Note: About a week after this story was written, the EEOC filed a lawsuit against a Texas television station because it allegedly failed to consider qualifications when it rejected a 42-year-old female applicant for a position as a weather person. This lawsuit completely contradicts the EEOC’s decision in the case below and raises questions about what the EEOC’s position is with respect to qualifications.
A recent decision by the EEOC raises questions about whether the secrecy surrounding the EEOC’s handling of discrimination complaints hides serious procedural irregularities and basic unfairness.
EEOC spokeswoman Kimberly Smith-Brown has said that federal law “prohibits EEOC employees from confirming or denying the existence of charge filings, investigations or administrative resolutions. The only time information about a specific case becomes public is if EEOC files a lawsuit against the employer, which is usually a last resort.” This means that complaints and documents associated with the EEOC’s adjudication of complaints are secret – except in the rare instance when the EEOC files a lawsuit or a complainant objects publicly (and someone listens) to the EEOC’s handling of her complaint.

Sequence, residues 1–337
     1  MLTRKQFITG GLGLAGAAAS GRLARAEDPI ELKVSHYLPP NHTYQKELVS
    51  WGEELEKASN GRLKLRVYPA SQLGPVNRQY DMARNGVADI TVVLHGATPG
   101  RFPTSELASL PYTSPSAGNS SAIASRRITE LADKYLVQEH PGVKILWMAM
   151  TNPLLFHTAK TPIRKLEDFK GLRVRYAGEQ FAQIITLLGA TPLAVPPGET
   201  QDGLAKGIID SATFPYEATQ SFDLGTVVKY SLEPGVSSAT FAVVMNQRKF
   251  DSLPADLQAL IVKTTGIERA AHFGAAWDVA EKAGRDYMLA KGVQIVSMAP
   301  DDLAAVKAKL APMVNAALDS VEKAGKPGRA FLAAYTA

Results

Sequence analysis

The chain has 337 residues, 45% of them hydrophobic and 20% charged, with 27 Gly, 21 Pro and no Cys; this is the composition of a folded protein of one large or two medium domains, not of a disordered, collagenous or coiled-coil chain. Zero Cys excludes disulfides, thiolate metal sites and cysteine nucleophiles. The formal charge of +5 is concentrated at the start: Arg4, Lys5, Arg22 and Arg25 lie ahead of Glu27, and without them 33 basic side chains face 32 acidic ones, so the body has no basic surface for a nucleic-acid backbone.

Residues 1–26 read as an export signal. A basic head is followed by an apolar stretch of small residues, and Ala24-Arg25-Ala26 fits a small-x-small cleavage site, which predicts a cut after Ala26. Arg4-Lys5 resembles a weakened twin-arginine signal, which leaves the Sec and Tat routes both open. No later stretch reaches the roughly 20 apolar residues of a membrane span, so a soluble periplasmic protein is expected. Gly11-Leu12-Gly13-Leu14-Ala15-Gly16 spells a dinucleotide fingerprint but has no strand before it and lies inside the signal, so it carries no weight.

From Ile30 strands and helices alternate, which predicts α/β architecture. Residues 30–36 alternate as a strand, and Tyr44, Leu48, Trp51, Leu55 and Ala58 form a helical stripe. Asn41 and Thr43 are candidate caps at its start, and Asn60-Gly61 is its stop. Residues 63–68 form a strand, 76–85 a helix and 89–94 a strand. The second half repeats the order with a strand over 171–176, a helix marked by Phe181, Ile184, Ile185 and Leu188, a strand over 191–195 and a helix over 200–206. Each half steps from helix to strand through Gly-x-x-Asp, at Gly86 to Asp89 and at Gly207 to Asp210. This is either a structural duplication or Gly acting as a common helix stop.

The EEOC’s secrecy rule stands in sharp contrast to the openness of the federal court system. If a complaint is filed in federal court, it is public and so are the documents associated with the complaint, unless the judge enters an order to seal the file. That order can be challenged by the media. Public access to court records serves to insure the integrity of the court system. The EEOC’s closed door rule leaves the public in the dark about the basis for complaints, why the Administrative Law Judge ruled the way h/she did, the context for the OFO’s decision on an appeal of the ALJ’s ruling and why the EEOC chose to affirm or reject the OFO’s decision. With secrecy, the public has no way to insure the integrity of the EEOC’s handling of complaints.
Not only does secrecy fail to insure integrity at the EEOC but it clearly benefits discriminatory corporations and businesses. Their customers never find out about their illegal acts and neither do their employees, who might put two-and-two together and file their own discrimination complaints. Complainants, who are almost always individuals, may prefer to have their name remain confidential because the mere fact they filed a complaint may make it difficult for them to find new employment. However, this preference can be accommodated through the use of a pseudonym, which is a practice the EEOC already employs when it publishes a precedential decision.
Secrecy allows the EEOC to evade accountability for misconduct and discriminatory rulings.
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